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Why psychiatrists’ opinions about politicians shouldn’t matter


 

References

When it comes to political candidates and psychiatric disorders, the idea of diagnosing from afar is not new. In 1964, Fact magazine published an article called “The Unconscious of a Conservative: A Special Issue on the Mind of Barry Goldwater.” For the article, more than 2,400 psychiatrists responded to a survey, and many described the presidential candidate using a host of diagnostic and symptomatic terms. Mr. Goldwater lost the election in a landslide and successfully sued the magazine for $75,000.

In 1973, nearly a decade later, the American Psychiatric Association specifically noted in its code of ethics that psychiatrists should not offer diagnostic opinions on anyone who has not been personally examined and has not signed the proper authorization for this information to be released. The edict has been informally called The Goldwater Rule.

Dr. Dinah Miller

Dr. Dinah Miller

In the current election cycle, it has been a challenge for some psychiatrists to refrain from making public statements about our presidential candidates. Some have said the Goldwater Rule amounts to a gag order, and that the specifics of this election are different from other elections, and might warrant allowing psychiatrists to issue their professional opinions. The APA has reminded psychiatrists that to do so is unethical, and on Aug. 15, The New York Times ran an article by Benedict Carey titled: “The Psychiatric Question: Is it Fair to Analyze Donald Trump from Afar?”

I want to look at the question from a different stance. In assessing our political candidates, I’d like you to consider this: What difference does it make? Psychiatric diagnostic criteria are determined by consensus opinions of APA workgroup members. They aren’t perfect; they aren’t always accurate even when a patient is evaluated in person and seen over time; they are influenced by culture; and they aren’t always prognostic. One person’s experience of bipolar disorder is not another person’s experience of bipolar disorder, and personality disorders – such as narcissism or antisocial personality disorder – don’t have uniform presentations or outcomes. Some people with these difficulties head corporations and nations, while others wilt in prisons.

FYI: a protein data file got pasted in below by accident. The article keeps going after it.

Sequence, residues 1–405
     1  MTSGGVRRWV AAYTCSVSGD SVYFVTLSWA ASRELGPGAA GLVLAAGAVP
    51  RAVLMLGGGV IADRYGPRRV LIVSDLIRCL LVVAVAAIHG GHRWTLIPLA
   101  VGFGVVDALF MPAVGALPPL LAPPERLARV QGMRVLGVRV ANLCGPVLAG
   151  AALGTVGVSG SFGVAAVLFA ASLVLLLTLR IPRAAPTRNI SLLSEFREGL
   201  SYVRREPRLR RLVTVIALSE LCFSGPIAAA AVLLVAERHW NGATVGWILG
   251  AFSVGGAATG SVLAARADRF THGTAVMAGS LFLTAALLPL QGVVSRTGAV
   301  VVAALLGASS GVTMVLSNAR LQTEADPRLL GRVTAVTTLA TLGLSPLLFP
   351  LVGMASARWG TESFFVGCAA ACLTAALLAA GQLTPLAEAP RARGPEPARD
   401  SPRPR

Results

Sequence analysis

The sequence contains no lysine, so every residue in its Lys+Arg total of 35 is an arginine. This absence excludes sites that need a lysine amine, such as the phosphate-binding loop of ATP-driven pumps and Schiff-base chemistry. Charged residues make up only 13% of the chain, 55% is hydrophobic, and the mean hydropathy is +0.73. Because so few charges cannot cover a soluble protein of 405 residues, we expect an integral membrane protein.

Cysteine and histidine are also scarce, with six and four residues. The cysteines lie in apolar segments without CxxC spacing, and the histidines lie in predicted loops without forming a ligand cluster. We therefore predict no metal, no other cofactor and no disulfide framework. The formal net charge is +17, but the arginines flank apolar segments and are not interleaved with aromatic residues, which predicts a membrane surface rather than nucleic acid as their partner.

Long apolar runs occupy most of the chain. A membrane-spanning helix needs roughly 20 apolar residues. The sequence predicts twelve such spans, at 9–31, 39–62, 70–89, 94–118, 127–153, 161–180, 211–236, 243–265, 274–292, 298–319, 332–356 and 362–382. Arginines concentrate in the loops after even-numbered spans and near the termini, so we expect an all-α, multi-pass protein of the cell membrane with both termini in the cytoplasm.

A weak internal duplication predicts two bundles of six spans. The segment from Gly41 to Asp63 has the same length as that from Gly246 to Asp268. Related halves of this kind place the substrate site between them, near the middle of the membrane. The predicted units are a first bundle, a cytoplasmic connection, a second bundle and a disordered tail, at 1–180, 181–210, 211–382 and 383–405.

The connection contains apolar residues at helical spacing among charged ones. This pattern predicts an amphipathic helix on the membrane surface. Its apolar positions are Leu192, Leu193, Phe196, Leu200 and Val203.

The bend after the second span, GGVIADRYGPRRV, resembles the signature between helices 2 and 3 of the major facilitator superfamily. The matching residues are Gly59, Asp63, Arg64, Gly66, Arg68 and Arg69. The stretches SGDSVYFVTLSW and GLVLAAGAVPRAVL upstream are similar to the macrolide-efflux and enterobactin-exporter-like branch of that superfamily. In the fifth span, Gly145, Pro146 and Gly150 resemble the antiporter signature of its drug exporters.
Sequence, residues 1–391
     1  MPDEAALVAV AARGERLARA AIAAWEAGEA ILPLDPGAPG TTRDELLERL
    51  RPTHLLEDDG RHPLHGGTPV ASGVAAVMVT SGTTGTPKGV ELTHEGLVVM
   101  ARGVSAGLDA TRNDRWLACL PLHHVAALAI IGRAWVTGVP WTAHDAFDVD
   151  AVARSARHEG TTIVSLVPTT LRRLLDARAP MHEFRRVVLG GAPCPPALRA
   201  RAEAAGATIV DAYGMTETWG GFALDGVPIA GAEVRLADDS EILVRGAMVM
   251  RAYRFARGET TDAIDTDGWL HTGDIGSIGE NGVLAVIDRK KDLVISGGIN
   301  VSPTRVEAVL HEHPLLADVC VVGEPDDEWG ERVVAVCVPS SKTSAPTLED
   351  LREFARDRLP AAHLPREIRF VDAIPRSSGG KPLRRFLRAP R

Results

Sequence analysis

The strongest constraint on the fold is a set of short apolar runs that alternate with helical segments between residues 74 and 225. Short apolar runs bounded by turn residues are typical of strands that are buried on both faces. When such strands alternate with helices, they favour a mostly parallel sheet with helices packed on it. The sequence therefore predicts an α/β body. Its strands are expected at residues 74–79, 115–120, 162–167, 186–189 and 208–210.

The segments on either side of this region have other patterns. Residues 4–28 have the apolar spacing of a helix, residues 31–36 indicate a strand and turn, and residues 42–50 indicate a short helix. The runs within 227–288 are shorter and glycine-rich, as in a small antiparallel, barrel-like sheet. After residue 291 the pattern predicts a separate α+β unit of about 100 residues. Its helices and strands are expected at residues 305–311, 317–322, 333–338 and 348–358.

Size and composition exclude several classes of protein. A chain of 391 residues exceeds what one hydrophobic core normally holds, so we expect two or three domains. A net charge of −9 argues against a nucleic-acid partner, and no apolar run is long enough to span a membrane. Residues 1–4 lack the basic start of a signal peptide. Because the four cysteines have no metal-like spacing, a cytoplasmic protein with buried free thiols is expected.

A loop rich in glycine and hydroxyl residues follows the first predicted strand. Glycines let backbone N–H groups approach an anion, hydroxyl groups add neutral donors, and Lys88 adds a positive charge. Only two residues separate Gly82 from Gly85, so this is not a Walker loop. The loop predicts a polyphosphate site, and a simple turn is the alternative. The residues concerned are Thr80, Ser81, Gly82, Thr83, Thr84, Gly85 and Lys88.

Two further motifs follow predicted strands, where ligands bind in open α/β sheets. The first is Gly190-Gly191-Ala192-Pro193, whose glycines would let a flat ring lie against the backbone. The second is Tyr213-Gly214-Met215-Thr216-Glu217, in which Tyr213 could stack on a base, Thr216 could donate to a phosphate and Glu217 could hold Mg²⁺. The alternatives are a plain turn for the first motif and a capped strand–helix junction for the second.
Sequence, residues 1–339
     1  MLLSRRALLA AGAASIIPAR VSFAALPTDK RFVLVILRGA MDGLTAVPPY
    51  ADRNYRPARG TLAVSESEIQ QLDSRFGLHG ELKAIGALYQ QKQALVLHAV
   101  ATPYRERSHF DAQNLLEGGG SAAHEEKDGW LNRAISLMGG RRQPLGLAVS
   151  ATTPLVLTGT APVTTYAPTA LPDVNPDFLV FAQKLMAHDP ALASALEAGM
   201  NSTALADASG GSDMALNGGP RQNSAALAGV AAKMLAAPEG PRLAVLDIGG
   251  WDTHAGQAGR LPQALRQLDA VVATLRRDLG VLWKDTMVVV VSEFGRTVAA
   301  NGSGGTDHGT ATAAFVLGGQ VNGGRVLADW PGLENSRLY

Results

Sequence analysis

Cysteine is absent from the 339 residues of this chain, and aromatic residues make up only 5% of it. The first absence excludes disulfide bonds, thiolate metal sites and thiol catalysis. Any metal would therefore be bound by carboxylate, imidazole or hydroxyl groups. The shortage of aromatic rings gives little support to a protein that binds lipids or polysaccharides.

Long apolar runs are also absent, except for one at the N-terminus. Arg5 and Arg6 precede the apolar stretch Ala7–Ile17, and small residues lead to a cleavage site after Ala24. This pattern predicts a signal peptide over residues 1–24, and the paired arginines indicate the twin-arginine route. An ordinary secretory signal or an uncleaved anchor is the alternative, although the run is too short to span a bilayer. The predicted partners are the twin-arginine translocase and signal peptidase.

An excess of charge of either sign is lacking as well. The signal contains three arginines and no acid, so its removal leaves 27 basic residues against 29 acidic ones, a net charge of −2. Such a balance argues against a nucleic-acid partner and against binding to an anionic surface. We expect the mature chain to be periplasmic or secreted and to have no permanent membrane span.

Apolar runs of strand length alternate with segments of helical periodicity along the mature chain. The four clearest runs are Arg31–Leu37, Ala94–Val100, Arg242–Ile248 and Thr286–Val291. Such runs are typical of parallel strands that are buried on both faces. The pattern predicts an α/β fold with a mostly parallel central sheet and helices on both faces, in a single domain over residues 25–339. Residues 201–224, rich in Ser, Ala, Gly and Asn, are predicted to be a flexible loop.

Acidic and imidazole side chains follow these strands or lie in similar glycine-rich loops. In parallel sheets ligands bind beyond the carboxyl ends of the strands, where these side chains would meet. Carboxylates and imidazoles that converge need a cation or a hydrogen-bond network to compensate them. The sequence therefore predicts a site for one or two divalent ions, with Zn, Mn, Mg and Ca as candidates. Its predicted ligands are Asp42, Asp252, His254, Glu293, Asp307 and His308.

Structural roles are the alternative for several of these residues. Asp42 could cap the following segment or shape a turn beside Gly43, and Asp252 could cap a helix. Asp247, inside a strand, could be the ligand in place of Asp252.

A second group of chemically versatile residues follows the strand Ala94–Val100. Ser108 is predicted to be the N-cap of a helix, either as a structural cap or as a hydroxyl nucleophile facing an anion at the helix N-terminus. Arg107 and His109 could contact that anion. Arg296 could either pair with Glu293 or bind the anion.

Half of the population will suffer from an episode of psychiatric illness at some point in their lives, and one in five people is affected in any given year. While we might all agree that many psychiatric symptoms are not compatible with being president, should the fact that a candidate has had a distant episode of mental illness, either fully resolved or controlled with treatment, disqualify him or her from holding office?

In an article published in the January 2006 issue of the Journal of Nervous and Mental Disease, Jonathan R. Davidson, MD; Kathryn M. Connor, MD; and Marvin Swartz, MD, looked at the biographical data on U.S. presidents from 1776 to 1974 and concluded that 49% met criteria for an Axis I psychiatric disorder. During those cycles, 27% had psychiatric difficulties while in office. Our presidents have suffered from depression and bipolar disorder, anxiety and alcoholism (J Nerv Ment Dis. 2006 Jan;194[1]47-51). No one has publicly attempted to tally personality disorders or use of other addictive substances. It may be safe to say that if the existence of psychiatric pathology had always been a disqualifier for public office, we’d live in a very different country.

Hopefully, when we approach our patients, we do so with warmth, kindness, and a genuine desire to help them heal. Psychiatry, at its best, is about intimacy and trust, and it is in that venue that people share their inner worlds and allow themselves to be vulnerable. Compassion is part of the deal; no one wants to have a mental illness. To refer to an unknown celebrity as “schizophrenic,” “psychotic,” or “having a godlike self-image” – or calling him “a dangerous lunatic,” as Sen. Goldwater was called – is not about careful diagnosis and compassion; it’s simply about name calling. To say that a politician or celebrity’s undesirable behavior is the result of a psychiatric illness based on cavalier observation is an insult to our patients, and it perpetuates stigma.

Psychiatric diagnoses are made by observing a constellation of symptoms that occur together. Mr. Trump has given the whole world years of data – he’s lived his life in a very public way. As a real estate developer, he has had countless employees who all know how they’ve been treated. We’ve seen him through three marriages and watched how he interacts with his children. We’ve seen him take out full-page ads calling for the death penalty for a group of young men who were wrongly convicted in the rape and assault of the Central Park jogger in 1988. If that’s not enough, he has hosted his own reality television show, and we’ve now seen him countless times in debates and rallies. We know how he treats his running mates, journalist Megyn Kelly, a news reporter with a disability, and the parents of a fallen soldier. We’ve watched him assure the nation during a primary debate that his genitals are big enough. Every individual is free to decide if Mr. Trump’s widely viewed patterns of behavior represent much-needed spunk and change with political beliefs that align with their own, or if his words and behaviors represent cruelty, impulsivity, poor judgment, and a pattern of actions that some might not feel is dignified enough for our country’s leader. No degree is required to observe and draw conclusions.

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